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Coat of convenience

Martin B Van Der Weyden
Med J Aust 2006; 184 (6): 257.
Published online: 20 March 2006

University hospitals in the United States are awash with seas of white coats. Doctors are readily identifiable, their name and clinical service clearly embroidered on their breast pockets. Students are also part of this white brigade, albeit in shorter coats. When asked why they persist with the white coat, long abandoned by their colleagues elsewhere in the world, their justification includes instant recognition by patient and public alike, ease of maintenance, and the white coat’s value as an integral part of the tradition and practice of medicine.

But it seems there are other more practical reasons. White coats are convenient for carrying all sorts of bibs and bobs. Ten years ago, a survey of what US doctors and students carried in their white coat pockets was a revelation. Top of the list were the customary “tools of the trade” — stethoscopes, reflex hammers, penlights, work notes, “to do” lists and pocket clinical manuals. Today, some of these items have been replaced by personal digital assistants (PDAs) and mobile phones. More affluent doctors also carry the indispensable Blackberry. But still more lurks in pockets: photocopies of journal articles, lecture and conference handouts, photographs of family and friends, and even the occasional Starbuck’s thermos mug and high-energy food bar.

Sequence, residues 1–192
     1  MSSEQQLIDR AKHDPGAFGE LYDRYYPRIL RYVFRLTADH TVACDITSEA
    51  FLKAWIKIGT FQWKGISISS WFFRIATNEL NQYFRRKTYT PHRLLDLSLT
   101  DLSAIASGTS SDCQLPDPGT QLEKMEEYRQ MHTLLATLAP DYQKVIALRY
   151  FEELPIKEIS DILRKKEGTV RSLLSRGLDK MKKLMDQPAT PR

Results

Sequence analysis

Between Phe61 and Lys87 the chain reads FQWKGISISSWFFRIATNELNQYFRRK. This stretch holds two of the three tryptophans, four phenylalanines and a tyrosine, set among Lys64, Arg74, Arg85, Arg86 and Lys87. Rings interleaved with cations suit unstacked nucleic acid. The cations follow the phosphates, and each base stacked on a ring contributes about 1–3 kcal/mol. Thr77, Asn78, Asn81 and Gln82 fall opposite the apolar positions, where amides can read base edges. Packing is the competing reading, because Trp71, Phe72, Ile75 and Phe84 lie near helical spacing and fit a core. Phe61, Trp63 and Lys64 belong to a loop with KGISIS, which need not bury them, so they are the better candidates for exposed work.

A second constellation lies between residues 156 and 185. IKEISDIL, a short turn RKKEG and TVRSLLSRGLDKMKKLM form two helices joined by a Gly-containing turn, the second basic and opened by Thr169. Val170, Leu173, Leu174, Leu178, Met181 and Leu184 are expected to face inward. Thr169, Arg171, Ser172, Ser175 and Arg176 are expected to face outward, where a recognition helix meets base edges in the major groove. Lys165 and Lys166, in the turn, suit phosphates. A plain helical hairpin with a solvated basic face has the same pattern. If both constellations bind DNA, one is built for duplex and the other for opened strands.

In Australian teaching hospitals, the contrast could not be more stark. There is not a white coat to be seen. Ever resourceful, residents have reduced their tools to a stethoscope, a biro, and a “to do” list. They clip pagers and mobile phones onto belts and stuff PDAs and other paraphernalia into bulging trouser pockets or carry-bags.

Misplacing items is a work hazard.

Without the “coat of convenience”, perhaps it’s time we introduced bum bags into our hospitals — preferably white.

  • Martin B Van Der Weyden

  • The Medical Journal of Australia

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